Owen Pallett, Heartland

Barry Walters

By Barry Walters

on 06.15.11 in Reviews

Warning! The Canadian composer of the album you're looking at uses big words like "concatenation" — once to define karma, and then again to heed a plague of locusts. He's fond of even grander clusters of instruments: Over the last few years, Pallett has contributed string arrangements (and other orchestral filigree) to records by Arcade Fire, Grizzly Bear, Pet Shop Boys, Mika and other proponents of luxe pop. Here, he combines the Czech Symphony Strings, the St. Kitts' Winds and a pack of Reykjavik-recorded fellow multi-instrumentalists to create a one-man opera, one in which the protagonist slays his author.

The fearlessly nerdy Canadian composer crafts an equal-parts earnest and pomo one-man opera

It cannot be denied that Pallett is fearlessly nerdy: His last solo album, 2006's He Poos Clouds, celebrated the various schools of magic known only to those who play Dungeons & Dragons. It was released under his previous moniker, Final Fantasy, a nod to the role-playing Japanese video game. But on Heartland it's clearer than ever that he's an extraordinarily gifted composer and a master of unexpected instrumental juxtapositions. One moment his orchestrations undulate and bubble like Philip Glass; a few seconds later, they soar with the sophistication and exuberance of Leonard Bernstein. Sometimes they do both: Heartland establishes its tension with the galloping momentum and violent crescendos of "Midnight Directives," then builds suspense with the snaky Latin rhythms of "Keep the Dog Quiet." Pallett sings with understated sincerity throughout, but in "Lewis Takes Action," the disconnect between the wistfulness of his melodies and the bloodlust of lyrics like "I'll bludgeon ’til the body's cold" reaches unnerving extremes.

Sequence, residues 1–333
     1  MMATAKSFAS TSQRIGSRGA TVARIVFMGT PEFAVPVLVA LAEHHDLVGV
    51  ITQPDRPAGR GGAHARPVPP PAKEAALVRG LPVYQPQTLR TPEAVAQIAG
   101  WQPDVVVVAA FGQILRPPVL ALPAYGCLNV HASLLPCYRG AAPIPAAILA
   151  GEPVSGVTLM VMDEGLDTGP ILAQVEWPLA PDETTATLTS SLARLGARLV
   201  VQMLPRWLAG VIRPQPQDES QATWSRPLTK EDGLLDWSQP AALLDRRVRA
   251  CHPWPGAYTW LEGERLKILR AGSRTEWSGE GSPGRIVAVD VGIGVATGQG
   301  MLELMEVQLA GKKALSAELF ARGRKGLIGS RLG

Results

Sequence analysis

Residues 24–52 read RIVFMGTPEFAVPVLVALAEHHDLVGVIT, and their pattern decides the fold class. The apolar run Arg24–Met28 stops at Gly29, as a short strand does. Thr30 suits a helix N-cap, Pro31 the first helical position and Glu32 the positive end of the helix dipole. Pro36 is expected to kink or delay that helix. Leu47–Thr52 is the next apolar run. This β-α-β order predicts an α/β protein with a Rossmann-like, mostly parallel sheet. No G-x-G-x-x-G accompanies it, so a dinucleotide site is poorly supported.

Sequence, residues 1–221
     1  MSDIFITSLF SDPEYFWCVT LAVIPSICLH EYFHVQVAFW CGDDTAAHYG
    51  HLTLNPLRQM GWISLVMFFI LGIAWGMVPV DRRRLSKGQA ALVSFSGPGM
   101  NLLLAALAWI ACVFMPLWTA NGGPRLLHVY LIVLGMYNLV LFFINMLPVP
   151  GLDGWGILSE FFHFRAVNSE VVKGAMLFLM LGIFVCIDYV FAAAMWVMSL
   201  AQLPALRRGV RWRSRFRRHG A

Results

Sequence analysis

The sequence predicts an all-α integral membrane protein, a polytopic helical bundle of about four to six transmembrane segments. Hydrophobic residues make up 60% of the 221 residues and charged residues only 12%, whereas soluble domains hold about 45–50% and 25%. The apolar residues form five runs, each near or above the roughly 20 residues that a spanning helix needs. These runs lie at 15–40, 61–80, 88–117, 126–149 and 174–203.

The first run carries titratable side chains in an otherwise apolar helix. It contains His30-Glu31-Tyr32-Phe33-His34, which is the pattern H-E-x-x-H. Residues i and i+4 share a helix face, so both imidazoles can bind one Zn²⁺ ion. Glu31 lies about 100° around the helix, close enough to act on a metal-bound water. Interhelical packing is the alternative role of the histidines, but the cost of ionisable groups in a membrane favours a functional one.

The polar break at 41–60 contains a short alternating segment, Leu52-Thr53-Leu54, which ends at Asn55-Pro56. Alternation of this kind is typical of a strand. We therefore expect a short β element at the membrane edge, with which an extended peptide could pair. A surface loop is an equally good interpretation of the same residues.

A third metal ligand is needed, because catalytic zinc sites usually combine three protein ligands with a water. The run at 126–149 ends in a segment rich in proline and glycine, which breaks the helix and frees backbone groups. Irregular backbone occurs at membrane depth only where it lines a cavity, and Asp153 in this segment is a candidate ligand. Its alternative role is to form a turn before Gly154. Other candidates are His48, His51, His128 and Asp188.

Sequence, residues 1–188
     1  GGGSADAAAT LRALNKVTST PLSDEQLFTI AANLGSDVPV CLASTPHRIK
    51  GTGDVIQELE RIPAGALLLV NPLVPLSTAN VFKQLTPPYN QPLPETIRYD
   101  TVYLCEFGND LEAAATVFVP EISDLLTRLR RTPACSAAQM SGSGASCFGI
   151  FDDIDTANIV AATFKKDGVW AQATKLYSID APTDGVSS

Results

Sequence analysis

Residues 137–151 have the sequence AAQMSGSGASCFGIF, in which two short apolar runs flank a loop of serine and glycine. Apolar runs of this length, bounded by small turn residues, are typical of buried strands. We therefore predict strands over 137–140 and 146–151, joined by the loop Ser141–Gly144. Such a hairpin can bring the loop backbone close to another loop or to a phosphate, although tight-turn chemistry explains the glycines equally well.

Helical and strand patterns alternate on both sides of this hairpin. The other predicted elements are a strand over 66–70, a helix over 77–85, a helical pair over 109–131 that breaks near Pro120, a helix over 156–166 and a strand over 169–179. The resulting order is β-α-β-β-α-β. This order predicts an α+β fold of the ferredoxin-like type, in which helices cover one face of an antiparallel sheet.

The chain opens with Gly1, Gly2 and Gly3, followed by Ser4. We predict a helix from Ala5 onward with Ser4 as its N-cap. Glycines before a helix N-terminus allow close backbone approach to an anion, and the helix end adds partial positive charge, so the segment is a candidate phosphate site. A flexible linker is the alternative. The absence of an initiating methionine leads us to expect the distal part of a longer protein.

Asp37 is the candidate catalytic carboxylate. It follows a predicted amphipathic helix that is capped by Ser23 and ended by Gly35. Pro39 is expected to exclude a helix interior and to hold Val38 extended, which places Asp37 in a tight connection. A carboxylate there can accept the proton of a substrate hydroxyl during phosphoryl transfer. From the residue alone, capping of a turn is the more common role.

The story gets stranger as it progresses, and eventually turns in on itself. The hero admits his disillusionment in the album's catchiest track, "Oh Heartland, Up Yours!" and in "Lewis Takes Off His Shirt," he resolves to resist his fate. Pallett himself is referenced by name; he's Storyteller, Creator, The Great White Noise, even Owen, and he's the devil ultimately defeated in the climactic "Tryst With Mephistopheles." None of this will make any sense unless you're paying complete attention, but Heartland rewards close listening by creating its own fantastic world, one where utter earnestness battles po-mo hijinks. Neither loses.